Roy Moore Wants To Re-Do The Alabama Election, But It Doesn't Look Too Promising

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More than two weeks after losing to Democrat Doug Jones, former Republican Senate candidate Roy Moore still has not conceded defeat in the Alabama special election held earlier in December. To the contrary, Moore's campaign is actively fighting against the result of the election and filed a lawsuit in Alabama on Wednesday night, Dec. 27, alleging "systematic voter fraud." Roy Moore's complaint about the Alabama election also calls for "a new special election" to determine a winner.

"This is not a Republican or Democrat issue as election integrity should matter to everyone," Roy Moore said in a statement, according to "We call on Secretary of State Merrill to delay certification until there is a thorough investigation of what three independent election experts agree took place: election fraud sufficient to overturn the outcome of the election."

Will Moore's Lawsuit Have An Effect On The Election's Result?

Moore's lawsuit was filed less than 24 hours before Alabama's secretary of state, John Merrill, was expected to certify Jones' victory in the Alabama special election. On multiple occasions, Merrill has deemed it highly unlikely that the result of the election would be re-examined.

"The people of Alabama have spoken tonight," Merrill told CNN's Jake Tapper on the night of the special election. "They've made their voice heard loud and clear. The most important thing to remember now is the process needs to be followed to ensure that the integrity, the safety and security of the election is preserved. One of the things that is obviously recognized by using the equipment that we use in the elections process is that there's not a whole lot of mistakes that are made."

Earlier in the night, Dec. 12, Roy Moore told supporters that the election's results were not conclusive.

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Days later, on Dec. 15, Merrill again cast doubt on the idea that the special election result should be contested, saying, "I have not seen any irregularities or any inconsistencies that are outside the norm."

On Wednesday, Merrill again said that he would not delay certification of Jones' victory, telling the Associated Press, "It is not going to delay certification and Doug Jones will be certified [on Thursday, Dec. 28] at 1 p.m. and he will be sworn in by Vice President Pence on the third of January."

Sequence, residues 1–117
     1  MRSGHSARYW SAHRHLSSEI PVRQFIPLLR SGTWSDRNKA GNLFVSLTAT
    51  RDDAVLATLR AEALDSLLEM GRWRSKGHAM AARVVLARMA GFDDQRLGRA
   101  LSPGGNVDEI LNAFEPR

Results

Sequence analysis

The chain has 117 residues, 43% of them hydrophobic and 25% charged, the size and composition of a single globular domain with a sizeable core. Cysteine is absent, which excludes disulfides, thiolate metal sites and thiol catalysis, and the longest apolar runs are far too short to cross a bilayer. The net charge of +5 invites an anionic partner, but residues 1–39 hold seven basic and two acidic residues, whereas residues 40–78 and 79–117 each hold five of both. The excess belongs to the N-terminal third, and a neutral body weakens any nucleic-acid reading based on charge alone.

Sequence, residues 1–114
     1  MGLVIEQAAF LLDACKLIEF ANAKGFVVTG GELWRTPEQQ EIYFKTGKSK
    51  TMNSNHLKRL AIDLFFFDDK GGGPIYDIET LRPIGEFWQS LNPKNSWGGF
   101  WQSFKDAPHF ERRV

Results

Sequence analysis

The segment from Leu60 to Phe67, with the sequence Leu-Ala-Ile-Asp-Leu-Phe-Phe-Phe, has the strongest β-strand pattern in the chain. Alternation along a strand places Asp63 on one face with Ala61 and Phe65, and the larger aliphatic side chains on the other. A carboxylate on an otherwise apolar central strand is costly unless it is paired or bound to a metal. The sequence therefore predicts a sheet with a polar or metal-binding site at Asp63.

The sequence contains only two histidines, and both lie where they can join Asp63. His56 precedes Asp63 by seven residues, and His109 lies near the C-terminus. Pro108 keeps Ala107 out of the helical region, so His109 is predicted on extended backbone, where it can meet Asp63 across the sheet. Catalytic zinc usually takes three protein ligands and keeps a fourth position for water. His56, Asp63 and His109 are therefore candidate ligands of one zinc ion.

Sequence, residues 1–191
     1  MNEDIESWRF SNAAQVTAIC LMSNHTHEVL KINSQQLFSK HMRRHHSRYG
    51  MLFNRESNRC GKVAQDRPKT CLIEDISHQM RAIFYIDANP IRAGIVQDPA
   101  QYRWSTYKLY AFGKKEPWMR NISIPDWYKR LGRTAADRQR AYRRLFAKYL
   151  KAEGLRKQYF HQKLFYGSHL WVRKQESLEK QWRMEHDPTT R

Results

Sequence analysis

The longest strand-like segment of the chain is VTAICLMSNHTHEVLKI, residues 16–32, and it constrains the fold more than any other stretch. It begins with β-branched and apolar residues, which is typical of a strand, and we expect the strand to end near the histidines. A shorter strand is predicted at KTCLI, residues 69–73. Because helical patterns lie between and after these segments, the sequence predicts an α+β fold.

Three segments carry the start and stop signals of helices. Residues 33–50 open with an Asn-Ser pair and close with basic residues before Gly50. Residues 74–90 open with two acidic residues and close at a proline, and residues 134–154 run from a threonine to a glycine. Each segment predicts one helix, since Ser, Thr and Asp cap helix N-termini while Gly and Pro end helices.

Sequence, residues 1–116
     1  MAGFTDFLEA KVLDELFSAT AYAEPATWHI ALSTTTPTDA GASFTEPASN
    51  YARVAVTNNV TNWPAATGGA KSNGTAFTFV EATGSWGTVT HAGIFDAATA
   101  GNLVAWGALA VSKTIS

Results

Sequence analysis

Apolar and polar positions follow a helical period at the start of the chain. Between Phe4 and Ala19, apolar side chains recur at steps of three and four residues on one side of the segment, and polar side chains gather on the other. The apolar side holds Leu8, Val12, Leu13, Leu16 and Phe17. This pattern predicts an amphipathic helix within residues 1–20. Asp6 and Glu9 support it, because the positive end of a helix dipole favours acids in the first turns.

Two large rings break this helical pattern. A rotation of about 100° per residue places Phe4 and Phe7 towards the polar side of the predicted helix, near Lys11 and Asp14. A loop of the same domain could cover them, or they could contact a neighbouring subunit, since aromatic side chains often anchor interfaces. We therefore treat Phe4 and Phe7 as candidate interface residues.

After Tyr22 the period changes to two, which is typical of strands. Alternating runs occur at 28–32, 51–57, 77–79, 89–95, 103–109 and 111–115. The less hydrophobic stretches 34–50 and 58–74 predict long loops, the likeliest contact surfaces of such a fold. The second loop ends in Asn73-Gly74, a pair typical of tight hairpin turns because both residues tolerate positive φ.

On Wednesday night, Moore reasserted his claim that his is innocent in regards to accusations of sexual misconduct with women when they were teenagers. The accusations were reported in the run-up to the election and includes an allegation of molestation.

"It's appalling that the Democratic Senate Majority PAC and the Republican Senate Leadership Fund both spent millions to run false and malicious ads against me in this campaign" Moore said in the statement reported by

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The Effect On Congress

Doug Jones' victory — which was claimed by a margin of over 20,000 votes —now tips the balance of the Senate and cuts an already-slim Republican majority down from 52-48 to now 51-49.

Looking ahead to 2018, Senate Majority Leader Mitch McConnell (R-KY) has said that Jones' election is one factor that makes it likely that the GOP will abandon hopes of a repeal of the Affordable Care Act (also known as Obamacare) and look to enact more legislation that can gain bipartisan support.

The Alabama special election was held to permanently fill the seat formerly held by Attorney General Jeff Sessions, who left Congress earlier in 2017 after being nominated by President Donald Trump to become head of the Department of Justice. Doug Jones is now set to serve the three years that are left on Sessions' original term, which the attorney general won in 2014.